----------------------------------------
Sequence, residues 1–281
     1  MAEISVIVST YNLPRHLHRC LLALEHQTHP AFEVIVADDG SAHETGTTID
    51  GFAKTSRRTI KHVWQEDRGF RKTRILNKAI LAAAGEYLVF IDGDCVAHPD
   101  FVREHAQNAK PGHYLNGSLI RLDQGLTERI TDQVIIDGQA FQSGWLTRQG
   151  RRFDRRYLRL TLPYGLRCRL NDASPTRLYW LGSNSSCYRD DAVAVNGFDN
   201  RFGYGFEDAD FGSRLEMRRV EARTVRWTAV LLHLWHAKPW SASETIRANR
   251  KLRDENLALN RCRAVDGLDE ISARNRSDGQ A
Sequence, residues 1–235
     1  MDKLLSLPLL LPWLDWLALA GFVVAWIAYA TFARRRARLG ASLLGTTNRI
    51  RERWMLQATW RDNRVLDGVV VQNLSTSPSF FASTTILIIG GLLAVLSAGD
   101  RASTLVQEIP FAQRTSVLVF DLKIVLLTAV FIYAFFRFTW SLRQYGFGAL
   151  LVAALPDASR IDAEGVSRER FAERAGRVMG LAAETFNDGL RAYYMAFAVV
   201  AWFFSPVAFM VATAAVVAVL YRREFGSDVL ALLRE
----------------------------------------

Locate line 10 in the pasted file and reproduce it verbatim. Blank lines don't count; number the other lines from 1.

    51  RERWMLQATW RDNRVLDGVV VQNLSTSPSF FASTTILIIG GLLAVLSAGD